Be Different, Ethics Expert Kirk Hanson Tells SCU Class of 2018
SANTA CLARA, Calif., June 16, 2018— The qualities that distinguish Santa Clara graduates—compassion, purpose, preparation, and courage—don’t come with a lifetime guarantee. They require daily fortification and commitment to uphold the values that set Broncos apart in work, life, and love.
That was the message of Kirk O. Hanson, the outgoing executive director of Santa Clara University’s acclaimed Markkula Center for Applied Ethics, as he addressed nearly 1,300 members of the Class of 2018 at a ceremony at Buck Shaw Field in Stevens Stadium Saturday morning.
“You will shape your own character and your own strengths every day of your life,” he said. “You will weaken or strengthen your compassion, your purpose, your preparation, your courage, by the decisions you make every day. Who you are tomorrow depends on what you do today.”
Hanson, who is stepping down after 17 years at the helm of the Ethics Center, said his perspective from different universities has led him to conclude that Santa Clara students are different in four key ways, each of which provide profound advantages:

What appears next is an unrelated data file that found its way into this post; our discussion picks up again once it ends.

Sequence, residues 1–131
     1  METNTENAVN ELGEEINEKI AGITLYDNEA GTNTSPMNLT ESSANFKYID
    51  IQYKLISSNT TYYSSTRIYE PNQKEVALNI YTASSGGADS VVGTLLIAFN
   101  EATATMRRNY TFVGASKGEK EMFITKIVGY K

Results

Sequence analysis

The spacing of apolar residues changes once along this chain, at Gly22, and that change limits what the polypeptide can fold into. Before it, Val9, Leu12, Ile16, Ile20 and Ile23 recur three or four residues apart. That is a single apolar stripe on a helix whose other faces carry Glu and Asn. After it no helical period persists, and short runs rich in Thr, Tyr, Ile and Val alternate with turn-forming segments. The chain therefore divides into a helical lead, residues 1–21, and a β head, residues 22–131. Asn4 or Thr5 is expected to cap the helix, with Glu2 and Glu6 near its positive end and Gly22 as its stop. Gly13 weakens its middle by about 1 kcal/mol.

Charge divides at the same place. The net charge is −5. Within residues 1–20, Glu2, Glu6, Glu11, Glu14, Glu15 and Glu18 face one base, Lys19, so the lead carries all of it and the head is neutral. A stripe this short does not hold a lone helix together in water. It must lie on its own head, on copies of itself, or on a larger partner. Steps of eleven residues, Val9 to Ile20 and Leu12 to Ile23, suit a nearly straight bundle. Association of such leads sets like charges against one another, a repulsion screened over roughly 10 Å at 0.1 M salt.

- Compassion. “When I have been more compassionate and attentive in my own life, I think I have been a better teacher, a better friend, a better manager,” he said. “Those times I was preoccupied with myself, things always started to go wrong. And those have been painful lessons.”
- Purpose. “Employers often tell us Santa Clara graduates really do dedicate themselves to a purpose, a passion in life beyond getting rich and looking out for number one... They say that there is another dimension to a Santa Clara student—a depth, a commitment to bettering this world we live in, a willingness to cooperate, a commitment to using your talents for others. Don’t underestimate the importance of this advantage. It will enable you to accomplish more, have deeper relationships, and be happier for your entire life.”